Sgor Gaoith

Another early start, another deteriorating weather forecast, but enough of a weather window to climb a Munro and get most of the way down before the bad weather arrived. That was the plan anyway.

We started from Glen Feshie, about 3km south of Feshie Bridge and were walking by 8am. Surprisingly enough someone had beaten us to it and a couple were just starting to walk as we arrived. Maybe it wasn’t that surprising given the weather forecast. The plan was to ascend Sgor Gaoith via a less frequented route over Geal Charn and Meall Bhuidhe and then return down the main path from the summit.

The first mile or so was on a good forest path alongside Allt Ruadh through beautiful pine forests, then we turned north onto a narrower path and headed for the obvious col between Craig Mhigeachaidh and Geal Charn. The pine trees thinned out and disappeared altogether as we approached the tree line at about 600m and then the walking was over boggy tussocky grass. The weather started off reasonably bright and we had good views west over Inshriach Forest and Insh Marshes to the Monadhliath hills.

There was no path from the col to the summit of Geal Charn, or at least if there was we didn’t see it, so we ascended over heather and boulders against a strengthening cold wind. I could see poor weather approaching from the west over Ben Alder and the Monadhliadh. We didn’t stop on the summit of Geal Charn but continued along the broad ridge, picking up a narrow path that traversed the north east side of Meall Bhuidhe before disappearing again.

The rain started a few hours earlier than forecast just as we were climbing the final grassy slopes of Sgor Gaoith. I gave Hannah the option of missing out the summit and descending straight down the grassy slopes alongside the Allt a’Chrom-alltain, but she chose to continue. By the time we reached the summit the rain was lashing down, the wind had picked up and we had disappeared into thick mist, so missed out on the spectacular view over Loch Eanaich.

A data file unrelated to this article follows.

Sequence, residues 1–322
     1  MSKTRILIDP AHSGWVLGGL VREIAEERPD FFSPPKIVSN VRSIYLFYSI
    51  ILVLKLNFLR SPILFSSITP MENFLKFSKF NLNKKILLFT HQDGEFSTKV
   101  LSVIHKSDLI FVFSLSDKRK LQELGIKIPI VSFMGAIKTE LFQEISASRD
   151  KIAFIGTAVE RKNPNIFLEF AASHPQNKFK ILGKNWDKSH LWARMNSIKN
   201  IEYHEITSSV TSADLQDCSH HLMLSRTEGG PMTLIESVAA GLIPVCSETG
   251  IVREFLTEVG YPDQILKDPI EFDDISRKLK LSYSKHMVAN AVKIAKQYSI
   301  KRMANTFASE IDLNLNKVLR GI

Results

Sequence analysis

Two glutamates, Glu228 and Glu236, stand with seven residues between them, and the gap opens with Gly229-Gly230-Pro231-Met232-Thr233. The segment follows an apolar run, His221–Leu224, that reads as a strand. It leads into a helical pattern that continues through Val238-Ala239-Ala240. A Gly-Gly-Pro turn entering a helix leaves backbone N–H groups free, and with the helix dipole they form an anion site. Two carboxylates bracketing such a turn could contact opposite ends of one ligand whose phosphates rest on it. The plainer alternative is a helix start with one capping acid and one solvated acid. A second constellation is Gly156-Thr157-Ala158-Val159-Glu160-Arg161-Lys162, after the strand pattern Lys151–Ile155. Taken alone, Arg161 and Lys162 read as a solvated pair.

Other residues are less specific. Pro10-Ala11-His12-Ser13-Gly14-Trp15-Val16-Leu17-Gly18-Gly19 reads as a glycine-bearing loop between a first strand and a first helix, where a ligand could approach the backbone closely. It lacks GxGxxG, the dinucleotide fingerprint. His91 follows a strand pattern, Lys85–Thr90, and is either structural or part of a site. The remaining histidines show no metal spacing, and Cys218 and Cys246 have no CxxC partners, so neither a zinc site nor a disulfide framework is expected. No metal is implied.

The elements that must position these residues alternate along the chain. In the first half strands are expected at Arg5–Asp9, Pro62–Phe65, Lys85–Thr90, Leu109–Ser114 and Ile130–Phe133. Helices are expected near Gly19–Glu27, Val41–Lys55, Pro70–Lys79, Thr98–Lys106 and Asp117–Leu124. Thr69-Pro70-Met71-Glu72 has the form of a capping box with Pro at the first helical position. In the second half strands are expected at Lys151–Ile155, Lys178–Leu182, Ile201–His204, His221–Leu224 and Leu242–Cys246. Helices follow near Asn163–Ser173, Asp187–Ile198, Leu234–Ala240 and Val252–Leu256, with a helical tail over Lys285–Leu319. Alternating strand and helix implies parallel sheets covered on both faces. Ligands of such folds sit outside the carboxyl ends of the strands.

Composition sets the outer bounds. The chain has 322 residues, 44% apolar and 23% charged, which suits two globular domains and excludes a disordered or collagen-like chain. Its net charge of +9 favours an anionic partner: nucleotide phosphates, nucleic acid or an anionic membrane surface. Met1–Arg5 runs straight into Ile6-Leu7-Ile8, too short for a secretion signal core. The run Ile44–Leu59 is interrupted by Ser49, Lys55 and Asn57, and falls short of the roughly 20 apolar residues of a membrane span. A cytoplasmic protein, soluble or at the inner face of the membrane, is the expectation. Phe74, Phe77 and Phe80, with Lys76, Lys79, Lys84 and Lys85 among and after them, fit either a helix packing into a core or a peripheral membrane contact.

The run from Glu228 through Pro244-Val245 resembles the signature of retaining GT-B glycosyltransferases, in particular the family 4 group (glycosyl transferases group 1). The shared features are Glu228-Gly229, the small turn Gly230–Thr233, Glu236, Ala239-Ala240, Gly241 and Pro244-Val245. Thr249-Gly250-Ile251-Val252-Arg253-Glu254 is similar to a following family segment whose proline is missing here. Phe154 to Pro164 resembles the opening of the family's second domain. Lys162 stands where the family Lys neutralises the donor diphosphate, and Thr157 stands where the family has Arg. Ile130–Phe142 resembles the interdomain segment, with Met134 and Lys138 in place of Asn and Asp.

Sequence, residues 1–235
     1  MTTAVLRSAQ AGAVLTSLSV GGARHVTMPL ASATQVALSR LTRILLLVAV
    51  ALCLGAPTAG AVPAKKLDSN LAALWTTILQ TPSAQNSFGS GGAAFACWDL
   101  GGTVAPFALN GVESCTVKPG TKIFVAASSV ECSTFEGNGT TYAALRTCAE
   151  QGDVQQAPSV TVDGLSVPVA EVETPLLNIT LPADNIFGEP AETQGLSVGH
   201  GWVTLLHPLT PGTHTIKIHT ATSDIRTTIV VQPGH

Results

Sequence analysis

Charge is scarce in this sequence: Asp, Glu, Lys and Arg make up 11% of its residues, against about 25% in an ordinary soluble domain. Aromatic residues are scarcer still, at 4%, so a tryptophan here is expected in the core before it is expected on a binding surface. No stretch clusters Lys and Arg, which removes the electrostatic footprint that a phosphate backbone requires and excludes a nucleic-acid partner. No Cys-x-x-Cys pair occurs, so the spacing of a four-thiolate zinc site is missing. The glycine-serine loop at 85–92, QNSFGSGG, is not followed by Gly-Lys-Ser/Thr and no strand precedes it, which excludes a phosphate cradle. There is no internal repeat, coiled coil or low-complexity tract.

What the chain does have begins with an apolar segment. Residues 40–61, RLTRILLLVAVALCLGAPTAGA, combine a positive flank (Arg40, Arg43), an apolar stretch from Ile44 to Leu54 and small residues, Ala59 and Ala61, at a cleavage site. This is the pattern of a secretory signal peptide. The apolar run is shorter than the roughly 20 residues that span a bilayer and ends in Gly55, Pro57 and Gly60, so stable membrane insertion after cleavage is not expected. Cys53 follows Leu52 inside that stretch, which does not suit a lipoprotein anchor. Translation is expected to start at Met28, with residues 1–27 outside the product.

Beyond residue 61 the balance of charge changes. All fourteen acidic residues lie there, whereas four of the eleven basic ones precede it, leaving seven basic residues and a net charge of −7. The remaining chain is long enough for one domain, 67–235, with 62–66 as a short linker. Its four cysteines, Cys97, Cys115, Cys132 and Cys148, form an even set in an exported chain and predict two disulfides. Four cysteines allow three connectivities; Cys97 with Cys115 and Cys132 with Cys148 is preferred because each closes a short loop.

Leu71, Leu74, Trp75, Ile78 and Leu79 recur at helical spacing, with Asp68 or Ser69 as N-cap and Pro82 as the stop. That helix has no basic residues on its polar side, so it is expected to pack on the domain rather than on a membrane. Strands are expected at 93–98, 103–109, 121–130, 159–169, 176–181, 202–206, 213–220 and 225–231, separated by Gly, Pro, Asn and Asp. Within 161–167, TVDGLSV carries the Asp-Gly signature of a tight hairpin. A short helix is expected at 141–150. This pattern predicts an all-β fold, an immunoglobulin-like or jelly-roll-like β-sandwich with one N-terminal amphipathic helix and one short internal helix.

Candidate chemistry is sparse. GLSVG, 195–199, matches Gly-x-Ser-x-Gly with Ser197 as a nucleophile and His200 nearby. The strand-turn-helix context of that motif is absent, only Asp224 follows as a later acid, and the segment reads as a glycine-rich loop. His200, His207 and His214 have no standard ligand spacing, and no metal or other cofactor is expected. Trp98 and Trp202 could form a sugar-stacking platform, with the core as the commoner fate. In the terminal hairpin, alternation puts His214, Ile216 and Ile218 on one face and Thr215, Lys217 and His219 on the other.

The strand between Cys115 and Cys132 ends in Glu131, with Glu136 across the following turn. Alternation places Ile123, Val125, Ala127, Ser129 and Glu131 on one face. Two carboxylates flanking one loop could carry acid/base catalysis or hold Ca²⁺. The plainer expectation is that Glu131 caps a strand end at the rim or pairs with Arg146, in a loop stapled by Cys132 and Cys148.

I’d climbed Sgor Gaoith before, in May 2004 with Roland. It had been a beautiful spring day with blue sky and lots of snow still on the ground. I think we had approached it from further south over Carn Ban Mor as I remembered the ascent path being more of a track and going much higher than the path we descended on today. I remember the view from the summit of Sgor Gaoith but don’t appear to have taken any photos, or if I did I don’t still have them.

Today we descended slightly from the summit then took refuge in the group shelter and had some lunch and hot chocolate. I never used to be a fan of group shelters preferring to travel fast and light, but I am a complete convert since walking with children and can see how they could be a complete lifesaver in bad weather. Today it allowed us to escape from the worst of the weather and keep surprisingly warm while having a rest and getting some much needed food and hot liquid inside us. This made a big difference to Hannah and she descended quite happily through the bad weather, chattering about what she wanted for Christmas and what she was building in Minecraft.

We descended westwards from the summit of Sgor Gaoith and soon picked up the main path that led through bogs and over streams back to the car. We were very wet but had stayed warm and cheerful so the rain didn’t really matter in the end. I was really proud of Hannah for climbing her third Munro so cheerfully despite the weather. Hannah’s verdict was that she hadn’t minded the weather but the Cairngorm walk had been less boring. Nothing beats the honesty of a 9 year old 😀.

Published by alpinejane

Explorer, hill walker, mountaineer, backpacker, scrambler, Mountain Leader, member of Teesdale and Weardale Search and Mountain Rescue Team and lover of wild places

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